George Floyd Family Settles $27 Million Civil Suit with City of Minneapolis
The family of George Floyd will be awarded $27 million after the settlement of a civil suit brought against the city of Minneapolis and the four police officers present at the time of Floyd's killing.
The settlement, which was approved Friday by the Minneapolis City Council, will not impact the just-begun murder trial of Derek Chauvin, who is charged with murder in Floyd's death.
Floyd family attorney Ben Crump said in a statement obtained by PEOPLE that the settlement "sends a powerful message that Black lives do matter and police brutality against people of color must end."
Floyd, 46, who was Black, died May 25 with a knee pressed to his neck for nearly nine minutes by white former officer Derek Chauvin, who kept Floyd pinned to the pavement during his detention after a report that Floyd allegedly spent a counterfeit $20 bill at a convenience store.
The incident was caught on bystander video that went viral and sent millions into the streets across the country and globe as it reinvigorated the Black Lives Matter movement for racial equity and against police brutality. That video -- with Floyd repeatedly crying out "I can't breathe" -- looms as a centerpiece of Chauvin's trial, which opened Monday with the start of jury selection. Testimony is expected to begin March 29.
Prosecutors had charged Chauvin with second-degree murder and manslaughter, but after an appellate court ruling last week, they were allowed to include an additional charge of third-degree murder.
The three other now-former officers on the scene -- J. Alexander Kueng, Thomas Lane and Tou Thao -- each were charged with aiding and abetting second-degree murder and second-degree manslaughter. They will be tried apart from Chauvin this summer.
All four have pleaded not guilty.
"Our family is grateful for all those who care so deeply about George's life and our loss, and this agreement is a necessary step for all of us to begin to get some closure," Floyd's brother, Rodney Floyd, said in a statement after the settlement released through the family's legal team.
"George's legacy for those who loved him will always be his spirit of optimism that things can get better, and we hope this agreement does just that – that it makes things a little better in Minneapolis and holds up a light for communities around the country," Rodney Floyd said.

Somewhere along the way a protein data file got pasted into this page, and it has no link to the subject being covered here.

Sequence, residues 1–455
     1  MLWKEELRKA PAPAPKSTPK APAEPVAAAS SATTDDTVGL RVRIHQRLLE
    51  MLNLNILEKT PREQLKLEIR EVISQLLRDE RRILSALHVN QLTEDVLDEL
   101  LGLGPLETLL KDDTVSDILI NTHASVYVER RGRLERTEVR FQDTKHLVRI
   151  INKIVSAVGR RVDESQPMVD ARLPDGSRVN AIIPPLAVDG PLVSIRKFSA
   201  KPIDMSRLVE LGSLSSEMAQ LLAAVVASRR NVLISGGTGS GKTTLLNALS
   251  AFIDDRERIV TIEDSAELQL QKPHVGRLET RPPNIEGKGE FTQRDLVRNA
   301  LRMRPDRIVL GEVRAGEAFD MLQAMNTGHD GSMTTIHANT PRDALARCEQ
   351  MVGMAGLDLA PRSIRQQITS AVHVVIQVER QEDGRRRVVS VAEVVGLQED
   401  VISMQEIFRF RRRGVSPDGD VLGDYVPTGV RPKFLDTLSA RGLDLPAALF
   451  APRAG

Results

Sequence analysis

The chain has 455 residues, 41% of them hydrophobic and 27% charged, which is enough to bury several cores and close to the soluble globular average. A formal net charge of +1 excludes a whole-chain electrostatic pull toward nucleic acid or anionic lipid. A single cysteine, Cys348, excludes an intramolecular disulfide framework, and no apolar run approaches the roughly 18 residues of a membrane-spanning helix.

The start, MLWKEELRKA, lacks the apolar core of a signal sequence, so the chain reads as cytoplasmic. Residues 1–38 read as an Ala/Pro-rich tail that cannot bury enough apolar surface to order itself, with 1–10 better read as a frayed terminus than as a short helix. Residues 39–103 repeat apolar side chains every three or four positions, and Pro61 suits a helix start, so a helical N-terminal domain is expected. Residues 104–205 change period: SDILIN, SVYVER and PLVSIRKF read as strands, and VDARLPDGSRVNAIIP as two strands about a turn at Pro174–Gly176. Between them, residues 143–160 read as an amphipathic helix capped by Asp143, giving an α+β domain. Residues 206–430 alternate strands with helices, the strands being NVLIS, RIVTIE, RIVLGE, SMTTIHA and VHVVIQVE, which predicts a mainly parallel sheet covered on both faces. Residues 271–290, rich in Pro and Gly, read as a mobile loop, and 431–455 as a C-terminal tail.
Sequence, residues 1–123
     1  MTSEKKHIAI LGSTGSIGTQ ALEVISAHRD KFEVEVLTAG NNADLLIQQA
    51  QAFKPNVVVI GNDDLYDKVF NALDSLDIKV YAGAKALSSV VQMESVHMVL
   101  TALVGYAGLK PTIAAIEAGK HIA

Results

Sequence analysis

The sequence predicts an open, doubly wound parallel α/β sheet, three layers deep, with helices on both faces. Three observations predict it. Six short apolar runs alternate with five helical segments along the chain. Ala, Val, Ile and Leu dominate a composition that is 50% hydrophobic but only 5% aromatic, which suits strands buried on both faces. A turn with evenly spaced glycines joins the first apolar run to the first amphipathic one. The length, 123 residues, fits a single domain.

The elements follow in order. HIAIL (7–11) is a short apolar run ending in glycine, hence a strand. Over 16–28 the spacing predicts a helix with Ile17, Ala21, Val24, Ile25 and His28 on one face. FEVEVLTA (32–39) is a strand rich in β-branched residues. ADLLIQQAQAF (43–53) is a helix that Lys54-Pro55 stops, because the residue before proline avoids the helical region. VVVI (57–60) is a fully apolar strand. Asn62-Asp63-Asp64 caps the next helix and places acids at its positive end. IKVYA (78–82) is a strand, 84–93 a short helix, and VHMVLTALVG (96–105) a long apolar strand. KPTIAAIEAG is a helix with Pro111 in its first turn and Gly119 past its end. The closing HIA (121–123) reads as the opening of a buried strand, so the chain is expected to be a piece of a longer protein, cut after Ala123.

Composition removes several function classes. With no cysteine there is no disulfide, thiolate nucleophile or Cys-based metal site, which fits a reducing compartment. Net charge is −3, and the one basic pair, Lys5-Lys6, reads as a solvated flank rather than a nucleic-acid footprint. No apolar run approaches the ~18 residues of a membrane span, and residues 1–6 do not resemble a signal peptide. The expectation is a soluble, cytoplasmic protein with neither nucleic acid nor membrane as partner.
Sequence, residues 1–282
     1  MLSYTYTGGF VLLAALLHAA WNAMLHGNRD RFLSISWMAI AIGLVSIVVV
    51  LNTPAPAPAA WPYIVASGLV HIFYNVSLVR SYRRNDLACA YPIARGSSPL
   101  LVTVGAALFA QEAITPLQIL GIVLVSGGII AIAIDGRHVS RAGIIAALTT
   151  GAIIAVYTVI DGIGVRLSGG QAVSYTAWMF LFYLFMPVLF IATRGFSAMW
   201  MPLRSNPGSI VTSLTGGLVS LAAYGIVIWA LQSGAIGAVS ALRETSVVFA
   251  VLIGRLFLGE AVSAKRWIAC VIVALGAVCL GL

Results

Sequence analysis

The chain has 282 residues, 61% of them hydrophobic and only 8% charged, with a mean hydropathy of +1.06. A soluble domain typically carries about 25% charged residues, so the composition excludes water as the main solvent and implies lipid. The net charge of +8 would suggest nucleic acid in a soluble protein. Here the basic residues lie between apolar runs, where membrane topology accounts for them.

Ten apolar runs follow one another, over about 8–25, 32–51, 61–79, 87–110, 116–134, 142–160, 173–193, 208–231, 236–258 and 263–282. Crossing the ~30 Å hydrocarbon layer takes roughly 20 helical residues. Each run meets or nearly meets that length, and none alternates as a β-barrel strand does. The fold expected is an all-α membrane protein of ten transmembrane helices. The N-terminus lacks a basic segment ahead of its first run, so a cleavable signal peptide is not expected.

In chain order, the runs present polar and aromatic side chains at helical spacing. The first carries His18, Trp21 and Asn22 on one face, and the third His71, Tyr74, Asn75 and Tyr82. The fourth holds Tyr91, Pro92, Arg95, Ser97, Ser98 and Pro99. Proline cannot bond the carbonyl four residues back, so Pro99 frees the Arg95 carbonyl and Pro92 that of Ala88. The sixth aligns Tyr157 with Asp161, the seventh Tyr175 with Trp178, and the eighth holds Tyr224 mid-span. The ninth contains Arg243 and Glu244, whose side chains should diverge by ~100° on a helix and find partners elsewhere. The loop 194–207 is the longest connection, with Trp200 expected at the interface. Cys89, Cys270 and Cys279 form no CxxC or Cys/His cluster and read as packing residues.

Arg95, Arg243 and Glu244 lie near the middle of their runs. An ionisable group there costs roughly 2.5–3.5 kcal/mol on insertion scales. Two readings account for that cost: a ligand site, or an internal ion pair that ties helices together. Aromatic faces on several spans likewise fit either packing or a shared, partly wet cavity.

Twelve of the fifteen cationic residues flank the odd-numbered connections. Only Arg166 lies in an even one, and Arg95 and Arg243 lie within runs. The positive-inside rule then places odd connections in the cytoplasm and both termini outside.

Want to keep up with the latest crime coverage? Sign up for PEOPLE's free True Crime newsletter for breaking crime news, ongoing trial coverage and details of intriguing unsolved cases.
In his statement, Crump said: "George Floyd's horrific death, witnessed by millions of people around the world, unleashed a deep longing and undeniable demand for justice and change. That the largest pre-trial settlement in a wrongful death case ever would be for the life of a Black man sends a powerful message that Black lives do matter and police brutality against people of color must end."
Included in the settlement is $500,000 to enhance the neighborhood where Floyd was killed and where the resulting protests, which at times turned violent, erupted.
Crump's statement applauded police reforms put in place by Minneapolis after Floyd's death, as well as the city's commitment to further reforms.
Among the cited changes were a requirement for the city's police officers to keep body-worn cameras on all the time, "a policy for officers to de-escalate non-threatening encounters with citizens by disengaging or walking away," and recruitment of officers "that favors those who live in the areas they would police and who have social service experience," according to the statement.
Another attorney for the family, Antonio Romanucci, said: "We are encouraged both by the progressive police reforms already adopted and the ambitious changes city of Minneapolis leaders still hope to create. After being identified with George Floyd for tragic reasons, Minneapolis will be remembered for progressive changes that can lead the nation in how to reform and reframe the relationship between police and communities of color."
A third Floyd family attorney, L. Chris Stewart, said: "Even as the trial against former officer Derek Chauvin moves forward and the family waits for justice in the criminal courts, this settlement imparts a measure of justice that is meaningful, important and necessary. It provides a path forward for our clients and ensures that George Floyd's death will result in substantive, positive change."
The federal lawsuit was filed last July on behalf of attorney Kaarin Nelson Schaffer, who was named trustee for the Floyd family. Named as defendants were the City of Minneapolis, which oversees the municipal police department, and all four officers.
According to the attorneys' statement Friday, the complaint argued that Floyd "was deprived, under color of state law, of his clearly established rights as secured by the Fourth and Fourteenth Amendments to the United States Constitution."
Earlier this month in Washington, D.C., the House of Representatives passed and sent for Senate consideration the George Floyd Justice in Policing Act, a wide-ranging bill that aims to "hold law enforcement accountable for misconduct in court, improve transparency through data collection, and reform police training and policies," according to the document.
Among other provisions, that proposed legislation would ban chokeholds by federal law enforcement and create a national registry of reported police misconduct to be maintained by the Justice Department.